A frequent criticism of movie adaptations is that where the book allows us to participate in the creative process (using our imaginations to fill in the characters and settings, for instance), the film by its very nature makes everything explicit, closing the door on imagination. But I thought Nair's film was more satisfying than the novel precisely because these characters are presented to us in specific terms, we see them talking to each other, and most importantly all this is done extremely well. The casting is near-perfect – Irfan Khan (who's excellent), Tabu and Kal Penn bring an immediacy to the characters of Ashoke, Ashima and Gogol that I sometimes missed in the book.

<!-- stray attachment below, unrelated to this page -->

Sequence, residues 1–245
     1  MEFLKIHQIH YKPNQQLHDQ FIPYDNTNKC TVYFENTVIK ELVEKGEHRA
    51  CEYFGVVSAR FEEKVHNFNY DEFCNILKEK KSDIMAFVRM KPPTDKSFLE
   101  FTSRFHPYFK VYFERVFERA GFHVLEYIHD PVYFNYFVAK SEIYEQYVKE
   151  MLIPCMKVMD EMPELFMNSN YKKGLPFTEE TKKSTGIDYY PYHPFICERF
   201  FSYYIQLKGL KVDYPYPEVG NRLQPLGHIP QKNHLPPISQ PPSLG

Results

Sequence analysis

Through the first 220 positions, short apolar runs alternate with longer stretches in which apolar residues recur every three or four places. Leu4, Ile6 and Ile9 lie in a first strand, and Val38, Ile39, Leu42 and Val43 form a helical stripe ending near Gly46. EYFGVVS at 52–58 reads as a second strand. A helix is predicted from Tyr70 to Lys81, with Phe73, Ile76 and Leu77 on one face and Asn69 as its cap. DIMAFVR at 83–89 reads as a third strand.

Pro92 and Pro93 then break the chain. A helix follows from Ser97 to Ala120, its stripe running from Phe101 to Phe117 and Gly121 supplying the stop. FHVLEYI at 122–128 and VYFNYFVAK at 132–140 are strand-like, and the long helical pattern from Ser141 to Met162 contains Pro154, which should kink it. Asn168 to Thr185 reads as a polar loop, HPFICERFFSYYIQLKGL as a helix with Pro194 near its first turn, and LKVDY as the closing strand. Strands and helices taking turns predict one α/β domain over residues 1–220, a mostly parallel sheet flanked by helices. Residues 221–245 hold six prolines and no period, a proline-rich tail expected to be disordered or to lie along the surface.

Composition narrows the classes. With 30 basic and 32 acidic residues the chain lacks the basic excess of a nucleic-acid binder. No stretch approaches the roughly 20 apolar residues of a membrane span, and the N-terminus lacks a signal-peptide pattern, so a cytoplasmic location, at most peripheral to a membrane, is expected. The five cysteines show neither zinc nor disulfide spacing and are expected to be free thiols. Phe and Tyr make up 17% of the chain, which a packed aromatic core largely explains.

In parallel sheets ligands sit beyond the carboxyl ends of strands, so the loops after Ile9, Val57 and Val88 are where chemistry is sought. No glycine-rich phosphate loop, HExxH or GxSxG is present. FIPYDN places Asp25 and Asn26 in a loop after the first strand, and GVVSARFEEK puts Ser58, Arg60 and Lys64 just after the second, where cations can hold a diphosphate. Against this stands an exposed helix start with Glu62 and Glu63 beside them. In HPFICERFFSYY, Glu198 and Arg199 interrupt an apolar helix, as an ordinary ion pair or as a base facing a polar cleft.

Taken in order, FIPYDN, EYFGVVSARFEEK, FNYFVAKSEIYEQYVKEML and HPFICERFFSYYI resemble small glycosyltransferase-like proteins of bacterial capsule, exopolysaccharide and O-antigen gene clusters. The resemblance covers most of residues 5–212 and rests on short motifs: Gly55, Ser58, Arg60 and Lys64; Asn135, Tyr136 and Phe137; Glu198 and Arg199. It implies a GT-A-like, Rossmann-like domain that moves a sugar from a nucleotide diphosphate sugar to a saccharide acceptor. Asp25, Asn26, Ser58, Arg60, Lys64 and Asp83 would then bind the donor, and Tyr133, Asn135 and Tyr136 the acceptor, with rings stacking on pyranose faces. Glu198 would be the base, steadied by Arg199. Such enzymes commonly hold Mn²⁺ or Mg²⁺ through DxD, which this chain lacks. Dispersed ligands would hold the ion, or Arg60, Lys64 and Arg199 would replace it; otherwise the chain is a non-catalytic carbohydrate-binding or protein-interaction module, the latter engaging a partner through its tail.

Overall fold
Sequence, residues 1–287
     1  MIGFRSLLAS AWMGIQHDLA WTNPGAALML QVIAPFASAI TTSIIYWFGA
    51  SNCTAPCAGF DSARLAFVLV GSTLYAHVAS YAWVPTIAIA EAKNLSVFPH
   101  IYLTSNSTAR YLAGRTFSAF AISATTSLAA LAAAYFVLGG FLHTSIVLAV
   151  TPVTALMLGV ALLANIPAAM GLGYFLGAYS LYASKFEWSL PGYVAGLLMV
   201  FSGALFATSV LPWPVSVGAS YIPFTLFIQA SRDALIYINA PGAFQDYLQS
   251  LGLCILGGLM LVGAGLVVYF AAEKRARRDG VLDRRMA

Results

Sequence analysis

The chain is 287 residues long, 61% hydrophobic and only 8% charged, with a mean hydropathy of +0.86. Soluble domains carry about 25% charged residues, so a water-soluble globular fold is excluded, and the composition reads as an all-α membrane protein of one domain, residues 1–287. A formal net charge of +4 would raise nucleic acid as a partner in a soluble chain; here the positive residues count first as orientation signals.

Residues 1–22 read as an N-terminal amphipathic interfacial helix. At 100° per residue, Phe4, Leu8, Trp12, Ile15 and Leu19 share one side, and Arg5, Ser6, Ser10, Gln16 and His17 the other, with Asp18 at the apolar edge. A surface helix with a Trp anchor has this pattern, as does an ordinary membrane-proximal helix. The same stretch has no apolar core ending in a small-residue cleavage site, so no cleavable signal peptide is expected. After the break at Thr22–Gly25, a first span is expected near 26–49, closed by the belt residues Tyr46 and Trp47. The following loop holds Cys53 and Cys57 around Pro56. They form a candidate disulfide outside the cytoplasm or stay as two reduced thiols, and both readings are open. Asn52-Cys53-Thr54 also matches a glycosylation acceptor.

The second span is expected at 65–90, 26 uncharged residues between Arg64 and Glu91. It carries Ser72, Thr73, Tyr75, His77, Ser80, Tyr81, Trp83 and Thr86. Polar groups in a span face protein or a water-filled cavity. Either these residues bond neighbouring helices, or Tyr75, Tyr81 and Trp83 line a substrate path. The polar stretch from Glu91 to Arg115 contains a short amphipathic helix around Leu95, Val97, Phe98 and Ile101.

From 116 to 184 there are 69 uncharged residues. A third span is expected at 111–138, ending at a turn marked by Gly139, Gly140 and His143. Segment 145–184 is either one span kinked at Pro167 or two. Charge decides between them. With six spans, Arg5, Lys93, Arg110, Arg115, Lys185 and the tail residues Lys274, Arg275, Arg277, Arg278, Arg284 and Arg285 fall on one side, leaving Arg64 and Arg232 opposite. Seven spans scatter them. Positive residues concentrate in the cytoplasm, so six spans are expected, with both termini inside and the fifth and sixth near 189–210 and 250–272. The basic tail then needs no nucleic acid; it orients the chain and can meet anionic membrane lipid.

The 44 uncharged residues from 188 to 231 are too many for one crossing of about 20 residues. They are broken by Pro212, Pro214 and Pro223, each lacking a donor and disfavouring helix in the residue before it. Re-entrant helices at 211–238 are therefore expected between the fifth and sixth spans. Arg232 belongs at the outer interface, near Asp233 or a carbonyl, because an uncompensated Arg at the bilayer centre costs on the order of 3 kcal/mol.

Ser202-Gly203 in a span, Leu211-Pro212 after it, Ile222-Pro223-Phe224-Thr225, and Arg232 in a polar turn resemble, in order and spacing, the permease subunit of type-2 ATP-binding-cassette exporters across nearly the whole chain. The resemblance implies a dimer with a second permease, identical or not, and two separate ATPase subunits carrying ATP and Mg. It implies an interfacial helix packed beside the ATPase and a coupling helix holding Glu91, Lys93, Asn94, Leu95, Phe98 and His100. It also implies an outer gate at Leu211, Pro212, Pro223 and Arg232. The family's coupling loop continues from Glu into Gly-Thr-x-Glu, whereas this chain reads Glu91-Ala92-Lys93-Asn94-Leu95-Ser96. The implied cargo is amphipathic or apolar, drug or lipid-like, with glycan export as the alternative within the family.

Nair's direction is economical and understated, and not a scene feels out of place. I especially like the way she shows different cultures inhabiting the same space, often knocking awkwardly against each other. In Ashima's earnest recital of William Wordsworth's "Daffodils", a performance intended to impress her potential parents-in-law, we see the use of an iconic English poem (with phrases like "o'er vales and hills", which are hardly easy for an Indian reader to relate to) in the most traditional of Indian contexts. And when Gogol makes the personal decision to get his head shaved as a mark of respect to his deceased father, there's a very striking scene in the barbershop – a gangsta-rap score plays in the background, reminding us that in the country where Gogol has grown up, the image of a young man getting his head shaved can carry very different associations. (I don't remember this passage in the book too well, so I'm not sure if the contrast was Lahiri's to begin with.)